Although the present study cannot lead to any conclusion about the pathogenicity of M. tuberculosis in relation to the interruption of the plc genes by IS6110 insertion or deletion, this study provides the first compelling evidence that there is a much higher rate of IS6110 insertion and deletion in the plcD gene than in the plcA, -B, and -C genes of M. tuberculosis. Understanding the genetic diversity of all four of these genes in the general population of M. tuberculosis is important because it is uncertain how much the activity of these four PLCs can complement each other during the course of the disease. Future studies will need to address how the variations of these genes among clinical isolates relate to the pathogenicity and virulence of M. tuberculosis by correlating genetic polymorphisms of the isolates with clinical and epidemiological data of the patients from whom the isolates were obtained. Identification of genes that show genetic polymorphisms having a strong association with the important clinical and epidemiological characteristics of the patients can provide information useful for a rational selection of genes for future in vitro and in vivo functional analysis and allow for a more focused search for virulence factors of M. tuberculosis, which will ultimately contribute to the development of better vaccines and therapeutic agents for tuberculosis prevention and control.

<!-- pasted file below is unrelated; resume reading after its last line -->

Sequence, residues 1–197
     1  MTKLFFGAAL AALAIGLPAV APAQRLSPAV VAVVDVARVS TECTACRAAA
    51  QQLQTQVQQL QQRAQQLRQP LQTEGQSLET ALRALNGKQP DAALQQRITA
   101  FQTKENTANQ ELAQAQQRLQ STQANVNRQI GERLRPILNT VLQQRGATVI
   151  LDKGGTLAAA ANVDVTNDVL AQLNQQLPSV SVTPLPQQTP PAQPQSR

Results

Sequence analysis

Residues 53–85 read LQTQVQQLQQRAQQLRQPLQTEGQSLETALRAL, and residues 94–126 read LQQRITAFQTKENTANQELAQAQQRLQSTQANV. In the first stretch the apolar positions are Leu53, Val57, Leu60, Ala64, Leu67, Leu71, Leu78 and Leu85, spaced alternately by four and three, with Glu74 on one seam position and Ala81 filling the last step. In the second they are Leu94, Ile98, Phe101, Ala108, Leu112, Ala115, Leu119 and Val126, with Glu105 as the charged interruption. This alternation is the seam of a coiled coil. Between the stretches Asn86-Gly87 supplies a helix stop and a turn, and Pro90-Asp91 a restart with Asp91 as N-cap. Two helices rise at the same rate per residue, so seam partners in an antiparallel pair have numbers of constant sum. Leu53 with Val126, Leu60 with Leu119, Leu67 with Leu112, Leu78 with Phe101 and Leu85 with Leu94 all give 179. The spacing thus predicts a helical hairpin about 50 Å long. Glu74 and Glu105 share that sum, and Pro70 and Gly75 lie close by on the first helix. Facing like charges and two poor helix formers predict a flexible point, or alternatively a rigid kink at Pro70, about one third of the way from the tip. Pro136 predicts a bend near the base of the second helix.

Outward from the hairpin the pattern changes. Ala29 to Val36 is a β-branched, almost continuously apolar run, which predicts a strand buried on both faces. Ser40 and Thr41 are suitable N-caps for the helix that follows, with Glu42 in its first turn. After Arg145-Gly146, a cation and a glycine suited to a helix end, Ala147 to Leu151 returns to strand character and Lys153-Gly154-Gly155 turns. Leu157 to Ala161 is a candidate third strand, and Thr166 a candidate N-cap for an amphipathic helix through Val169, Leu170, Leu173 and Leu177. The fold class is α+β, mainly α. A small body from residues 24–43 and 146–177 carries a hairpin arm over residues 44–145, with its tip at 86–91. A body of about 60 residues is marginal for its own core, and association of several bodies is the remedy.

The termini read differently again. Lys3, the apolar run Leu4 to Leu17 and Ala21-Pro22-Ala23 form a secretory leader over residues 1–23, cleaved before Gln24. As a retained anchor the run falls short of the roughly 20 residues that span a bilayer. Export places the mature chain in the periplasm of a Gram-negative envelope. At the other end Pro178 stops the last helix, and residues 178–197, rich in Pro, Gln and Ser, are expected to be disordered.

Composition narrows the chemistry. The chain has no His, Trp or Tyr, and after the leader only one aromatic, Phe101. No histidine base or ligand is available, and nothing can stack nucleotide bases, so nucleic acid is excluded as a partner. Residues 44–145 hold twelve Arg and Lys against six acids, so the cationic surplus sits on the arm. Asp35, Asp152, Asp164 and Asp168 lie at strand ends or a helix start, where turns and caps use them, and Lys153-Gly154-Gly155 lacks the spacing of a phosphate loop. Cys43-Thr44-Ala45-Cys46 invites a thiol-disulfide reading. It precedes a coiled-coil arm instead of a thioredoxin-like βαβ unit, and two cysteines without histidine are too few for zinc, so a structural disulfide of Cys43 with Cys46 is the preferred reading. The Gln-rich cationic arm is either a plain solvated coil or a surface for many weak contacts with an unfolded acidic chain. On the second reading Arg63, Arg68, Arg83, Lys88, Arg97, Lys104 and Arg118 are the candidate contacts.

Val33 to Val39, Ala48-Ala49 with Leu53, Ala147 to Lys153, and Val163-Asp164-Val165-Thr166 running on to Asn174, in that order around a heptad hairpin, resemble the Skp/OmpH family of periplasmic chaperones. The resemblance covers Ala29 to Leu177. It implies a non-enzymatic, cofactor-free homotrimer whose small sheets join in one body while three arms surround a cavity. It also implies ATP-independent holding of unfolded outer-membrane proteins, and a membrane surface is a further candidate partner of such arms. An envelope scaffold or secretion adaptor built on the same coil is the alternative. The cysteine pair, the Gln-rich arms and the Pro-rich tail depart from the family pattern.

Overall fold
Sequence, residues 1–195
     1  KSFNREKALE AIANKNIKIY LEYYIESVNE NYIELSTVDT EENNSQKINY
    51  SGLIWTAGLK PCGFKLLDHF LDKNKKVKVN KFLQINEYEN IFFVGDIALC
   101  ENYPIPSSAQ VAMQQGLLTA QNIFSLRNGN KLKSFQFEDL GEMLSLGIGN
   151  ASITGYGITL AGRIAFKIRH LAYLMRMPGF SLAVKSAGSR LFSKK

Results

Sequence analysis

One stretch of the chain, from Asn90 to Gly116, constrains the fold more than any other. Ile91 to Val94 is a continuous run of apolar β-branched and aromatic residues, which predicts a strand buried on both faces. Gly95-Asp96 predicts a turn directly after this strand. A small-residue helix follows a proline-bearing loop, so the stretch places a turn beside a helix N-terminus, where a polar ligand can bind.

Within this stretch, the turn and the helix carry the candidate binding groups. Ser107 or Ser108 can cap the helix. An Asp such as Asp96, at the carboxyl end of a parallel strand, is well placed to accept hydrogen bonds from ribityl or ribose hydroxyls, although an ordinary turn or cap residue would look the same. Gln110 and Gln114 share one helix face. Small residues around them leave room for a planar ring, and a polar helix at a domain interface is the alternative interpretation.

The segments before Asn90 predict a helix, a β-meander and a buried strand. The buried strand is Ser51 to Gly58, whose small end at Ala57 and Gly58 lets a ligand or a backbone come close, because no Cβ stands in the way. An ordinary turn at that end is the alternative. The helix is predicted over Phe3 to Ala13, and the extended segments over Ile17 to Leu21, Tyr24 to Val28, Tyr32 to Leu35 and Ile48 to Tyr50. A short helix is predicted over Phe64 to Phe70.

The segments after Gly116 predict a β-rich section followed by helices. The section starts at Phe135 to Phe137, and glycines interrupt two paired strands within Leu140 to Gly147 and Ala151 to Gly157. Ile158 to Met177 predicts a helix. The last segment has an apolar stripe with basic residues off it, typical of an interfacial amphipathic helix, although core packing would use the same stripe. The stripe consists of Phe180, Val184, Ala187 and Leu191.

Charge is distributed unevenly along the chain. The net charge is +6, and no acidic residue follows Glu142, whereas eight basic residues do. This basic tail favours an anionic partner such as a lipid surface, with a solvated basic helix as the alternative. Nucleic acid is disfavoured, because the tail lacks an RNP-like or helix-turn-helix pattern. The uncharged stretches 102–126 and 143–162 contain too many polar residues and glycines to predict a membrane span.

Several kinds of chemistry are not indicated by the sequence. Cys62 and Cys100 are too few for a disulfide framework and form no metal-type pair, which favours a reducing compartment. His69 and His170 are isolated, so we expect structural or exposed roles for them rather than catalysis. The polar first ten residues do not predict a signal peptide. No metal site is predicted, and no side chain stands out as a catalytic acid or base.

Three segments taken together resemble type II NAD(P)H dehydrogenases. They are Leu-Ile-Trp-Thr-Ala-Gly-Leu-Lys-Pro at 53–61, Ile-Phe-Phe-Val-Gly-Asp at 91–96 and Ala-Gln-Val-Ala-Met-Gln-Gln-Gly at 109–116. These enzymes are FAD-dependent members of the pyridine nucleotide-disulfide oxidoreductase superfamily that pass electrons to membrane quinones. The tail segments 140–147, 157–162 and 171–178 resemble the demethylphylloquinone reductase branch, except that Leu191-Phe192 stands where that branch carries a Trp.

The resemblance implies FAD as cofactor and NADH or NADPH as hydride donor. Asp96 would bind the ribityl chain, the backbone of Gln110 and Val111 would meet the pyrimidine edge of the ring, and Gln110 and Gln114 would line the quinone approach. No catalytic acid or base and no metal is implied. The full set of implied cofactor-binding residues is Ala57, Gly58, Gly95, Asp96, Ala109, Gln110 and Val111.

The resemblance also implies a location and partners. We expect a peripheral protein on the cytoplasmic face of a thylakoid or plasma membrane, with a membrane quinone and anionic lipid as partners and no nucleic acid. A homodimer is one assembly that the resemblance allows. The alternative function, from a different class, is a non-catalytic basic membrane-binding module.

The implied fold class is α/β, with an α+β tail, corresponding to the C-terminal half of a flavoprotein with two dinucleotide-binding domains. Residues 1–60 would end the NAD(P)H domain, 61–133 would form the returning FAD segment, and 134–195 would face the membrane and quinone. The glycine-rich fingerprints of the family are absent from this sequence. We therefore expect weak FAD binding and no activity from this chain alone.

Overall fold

Acknowledgments

This study was supported by a grant (NIH-R01-AI151975) from the National Institutes of Health.

We are indebted to Ercument Evliyaoglu and Aydin Senoglu at Tuberculosis Control Dispensary in Malatya, Turkey, for their contributions to the collection of the study isolates and to Biolog Selami Gunal at the Department of Clinical Microbiology, Inonu University Medical Faculty, for his technical assistance in M. tuberculosis culture and DNA extraction. We also thank Dong Yang for her laboratory assistance and Carl Marrs, Betsy Foxman, and Lixin Zhang at the Center of Molecular and Clinical Epidemiology at the Epidemiology Department of the University of Michigan, School of Public Health, for their helpful discussion.